What to Know About Driving to Machu Picchu

What to Know About Driving to Machu Picchu

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Machu Picchu is probably Peru’s most famous attraction. There’s no way we could drive all the way from Seattle and not stop to see these famous Inca ruins.

“But wait, driving to Machu Picchu is actually possible?” I hear you asking.

Well, no, you can’t drive to the gate of the ruins, but you can get pretty darn close if you’ve got your own set of wheels (or go via public transport).

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You will need to take the back way from Cusco, driving through the heart of the Sacred Valley, through little towns like Urubamba and Ollantaytambo.

From there you will wind way up into the mountains at more than 4,300 meters, before dropping down into the sticky, humid lowlands around 1,400 meters, and pass through the pleasant little town of Santa Teresa.

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Here you can stop to spend the night or press on to Hidroelectrica depending on what time you arrive. In total it is around 7 hours from Cusco to Hidroelectrica.

If you’ve got time, I’d recommend that you break up your drive with a stop in the Sacred Valley, which is what we did with a stop in Ollantaytambo beforehand and then a night in Santa Teresa.

Parking for the Hike to Machu Picchu

In order to set out for Machu Picchu, you will drive all the way to Hidroelectrica (another 30-40 minutes from Santa Teresa) where you can securely park your vehicle for 15/s ($5) per night.

It’s on the property of a local family that watches the vehicles, and otherwise there is virtually no one else around, so there is little to worry about in terms of break-ins, even if the family wasn’t there.

Your other option would be to park in Santa Teresa at the local campground for 5/s per night and then take a taxi to and from Hidroelectrica — although I don’t really see the point of doing this, given the option above.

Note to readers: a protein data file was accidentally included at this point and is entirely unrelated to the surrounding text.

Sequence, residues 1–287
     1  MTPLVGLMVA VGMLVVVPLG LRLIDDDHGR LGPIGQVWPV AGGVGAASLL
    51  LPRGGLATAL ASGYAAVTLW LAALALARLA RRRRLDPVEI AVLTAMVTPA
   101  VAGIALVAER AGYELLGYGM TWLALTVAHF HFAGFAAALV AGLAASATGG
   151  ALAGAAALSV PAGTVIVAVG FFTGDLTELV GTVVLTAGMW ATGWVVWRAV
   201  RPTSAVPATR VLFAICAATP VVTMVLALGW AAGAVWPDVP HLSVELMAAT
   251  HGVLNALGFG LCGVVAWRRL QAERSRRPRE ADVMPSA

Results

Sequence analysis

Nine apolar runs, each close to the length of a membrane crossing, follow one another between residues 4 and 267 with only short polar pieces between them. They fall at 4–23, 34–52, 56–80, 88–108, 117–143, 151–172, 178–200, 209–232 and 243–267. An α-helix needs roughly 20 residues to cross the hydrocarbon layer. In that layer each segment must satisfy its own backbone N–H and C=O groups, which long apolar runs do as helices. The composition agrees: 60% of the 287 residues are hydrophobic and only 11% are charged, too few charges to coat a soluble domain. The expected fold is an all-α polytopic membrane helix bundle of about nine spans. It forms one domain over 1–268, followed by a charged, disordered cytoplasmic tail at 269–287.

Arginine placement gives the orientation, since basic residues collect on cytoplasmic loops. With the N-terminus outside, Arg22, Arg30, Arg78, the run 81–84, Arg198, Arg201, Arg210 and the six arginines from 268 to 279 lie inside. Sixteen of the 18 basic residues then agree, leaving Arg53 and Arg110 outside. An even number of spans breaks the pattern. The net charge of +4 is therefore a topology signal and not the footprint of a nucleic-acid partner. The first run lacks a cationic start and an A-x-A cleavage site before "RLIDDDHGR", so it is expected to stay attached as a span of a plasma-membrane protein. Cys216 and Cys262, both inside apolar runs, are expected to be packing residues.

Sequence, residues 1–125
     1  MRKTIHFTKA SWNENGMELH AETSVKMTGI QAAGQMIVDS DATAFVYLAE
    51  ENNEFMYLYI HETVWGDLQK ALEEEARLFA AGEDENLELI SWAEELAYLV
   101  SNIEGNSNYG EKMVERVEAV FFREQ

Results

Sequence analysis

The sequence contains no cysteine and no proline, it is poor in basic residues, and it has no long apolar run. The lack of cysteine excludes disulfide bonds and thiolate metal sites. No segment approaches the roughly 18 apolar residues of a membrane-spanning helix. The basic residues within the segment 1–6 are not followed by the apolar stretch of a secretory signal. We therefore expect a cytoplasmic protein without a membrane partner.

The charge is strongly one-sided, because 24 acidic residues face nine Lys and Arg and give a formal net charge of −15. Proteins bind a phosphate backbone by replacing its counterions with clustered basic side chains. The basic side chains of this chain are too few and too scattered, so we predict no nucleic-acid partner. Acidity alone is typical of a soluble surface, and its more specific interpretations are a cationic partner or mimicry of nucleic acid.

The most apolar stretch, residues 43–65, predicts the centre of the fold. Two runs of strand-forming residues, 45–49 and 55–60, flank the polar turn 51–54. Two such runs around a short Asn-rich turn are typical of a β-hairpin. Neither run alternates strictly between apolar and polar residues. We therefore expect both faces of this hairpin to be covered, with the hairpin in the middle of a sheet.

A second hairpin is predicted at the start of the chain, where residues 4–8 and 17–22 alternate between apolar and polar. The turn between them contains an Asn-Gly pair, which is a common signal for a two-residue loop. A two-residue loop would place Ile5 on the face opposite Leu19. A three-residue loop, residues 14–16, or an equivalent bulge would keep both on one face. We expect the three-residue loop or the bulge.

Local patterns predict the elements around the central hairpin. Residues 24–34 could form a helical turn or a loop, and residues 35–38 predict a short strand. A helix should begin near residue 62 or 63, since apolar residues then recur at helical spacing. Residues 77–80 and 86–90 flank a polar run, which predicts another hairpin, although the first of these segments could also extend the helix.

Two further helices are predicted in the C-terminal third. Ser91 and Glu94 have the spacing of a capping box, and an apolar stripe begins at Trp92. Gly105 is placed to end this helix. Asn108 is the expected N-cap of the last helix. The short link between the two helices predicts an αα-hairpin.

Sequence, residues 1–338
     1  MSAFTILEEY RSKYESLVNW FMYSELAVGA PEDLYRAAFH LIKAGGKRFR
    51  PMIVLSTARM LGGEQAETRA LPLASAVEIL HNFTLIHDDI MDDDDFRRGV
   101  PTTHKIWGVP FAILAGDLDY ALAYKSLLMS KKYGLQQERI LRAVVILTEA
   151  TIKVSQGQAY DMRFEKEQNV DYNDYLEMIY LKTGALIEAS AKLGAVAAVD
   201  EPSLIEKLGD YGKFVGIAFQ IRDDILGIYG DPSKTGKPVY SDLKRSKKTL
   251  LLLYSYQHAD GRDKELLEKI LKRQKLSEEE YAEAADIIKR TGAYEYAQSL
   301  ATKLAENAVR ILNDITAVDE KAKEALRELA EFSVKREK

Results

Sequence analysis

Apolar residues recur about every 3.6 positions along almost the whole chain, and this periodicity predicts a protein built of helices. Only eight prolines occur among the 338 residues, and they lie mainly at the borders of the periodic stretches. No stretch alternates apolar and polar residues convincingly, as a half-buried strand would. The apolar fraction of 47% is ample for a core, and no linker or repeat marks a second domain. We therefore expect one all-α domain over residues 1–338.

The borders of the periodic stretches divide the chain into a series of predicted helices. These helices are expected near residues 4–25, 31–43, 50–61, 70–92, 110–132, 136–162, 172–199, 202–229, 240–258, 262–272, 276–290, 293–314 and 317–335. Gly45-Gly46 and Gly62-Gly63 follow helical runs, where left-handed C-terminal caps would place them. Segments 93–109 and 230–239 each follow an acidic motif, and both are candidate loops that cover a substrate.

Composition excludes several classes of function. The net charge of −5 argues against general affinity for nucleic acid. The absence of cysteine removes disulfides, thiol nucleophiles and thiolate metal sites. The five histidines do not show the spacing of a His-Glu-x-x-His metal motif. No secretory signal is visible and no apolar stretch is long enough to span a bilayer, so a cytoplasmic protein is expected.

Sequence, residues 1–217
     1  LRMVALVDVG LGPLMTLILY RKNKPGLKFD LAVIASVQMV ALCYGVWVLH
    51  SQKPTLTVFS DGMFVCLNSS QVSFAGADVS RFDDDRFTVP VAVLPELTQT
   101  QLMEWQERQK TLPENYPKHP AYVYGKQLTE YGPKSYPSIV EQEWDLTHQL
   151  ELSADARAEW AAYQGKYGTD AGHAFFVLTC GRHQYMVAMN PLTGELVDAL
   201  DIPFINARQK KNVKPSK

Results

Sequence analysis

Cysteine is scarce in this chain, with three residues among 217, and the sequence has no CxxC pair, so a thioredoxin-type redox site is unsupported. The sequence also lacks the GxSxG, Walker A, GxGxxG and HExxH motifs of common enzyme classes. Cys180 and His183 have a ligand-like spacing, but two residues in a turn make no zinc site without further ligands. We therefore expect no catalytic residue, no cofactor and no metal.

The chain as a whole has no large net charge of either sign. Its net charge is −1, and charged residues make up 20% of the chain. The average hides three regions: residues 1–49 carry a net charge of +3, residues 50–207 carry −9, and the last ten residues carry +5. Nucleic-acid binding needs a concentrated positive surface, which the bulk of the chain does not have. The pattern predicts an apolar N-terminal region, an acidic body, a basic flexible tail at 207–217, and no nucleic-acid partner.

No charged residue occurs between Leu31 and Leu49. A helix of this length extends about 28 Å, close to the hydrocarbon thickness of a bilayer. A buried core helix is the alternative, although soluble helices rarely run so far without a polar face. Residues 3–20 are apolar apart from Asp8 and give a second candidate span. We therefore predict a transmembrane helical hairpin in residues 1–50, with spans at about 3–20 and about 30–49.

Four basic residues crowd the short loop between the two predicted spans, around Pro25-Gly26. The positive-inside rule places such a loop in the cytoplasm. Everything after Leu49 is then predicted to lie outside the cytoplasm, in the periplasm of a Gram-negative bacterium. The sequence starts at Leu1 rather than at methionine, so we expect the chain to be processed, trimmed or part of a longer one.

From Hidroelectrica it is an easy and flat 2.5 hour walk to the town of Aguas Calientes (Machu Picchu Pueblo) at the base of the ruins.

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Here you can grab a hotel for the night and visit the famous ruins the following day. You can either take a bus up ($12 one way) or hike about an hour and a half, climbing up 2,000 steps to reach the ruins.

So yeah, you can practically drive to Machu Picchu whether you are overlanding or decide to rent a vehicle — you can park within a three to four hour walk from the ruins.

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For more details about arriving to Machu Picchu, see my article on how to visit Machu Picchu on a budget, the only difference is you’d be driving yourself.

(Psst... Wanna know the "secret" to traveling forever or being free to do what you love? Here's the answer, in five simple steps)

Map of the Route

Zoom in for more details of parking, the hike, etc, near “Point B”.

Rumors About Driving to Machu Picchu

Don’t listen to some of the laughably bad articles and advice out there that seem designed to only sell you on a big tour package.

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Let’s dispel some of the rumors that others are spreading:

  • Traffic: Yes, traffic in Cusco will be bad. Yes, Peruvians are terrible drivers (the worst in Latin America). But once you leave Cusco, you won’t see much in the way of traffic, and basically will only deal with vehicles passing you, and getting caught behind slow moving semi trucks or buses.
  • City Parking: Again, you only need to deal with that in Cusco, where you can find paid garages where you can securely park for the evening. But if you stay outside the historic city center, it will be much easier.
  • Roads Not Marked: It is very easy to get to Santa Teresa and Hidroelectrica. Even a simple, free GPS app on your phone will get you there. Road conditions are fine, it is a common back door route for tour operators as well.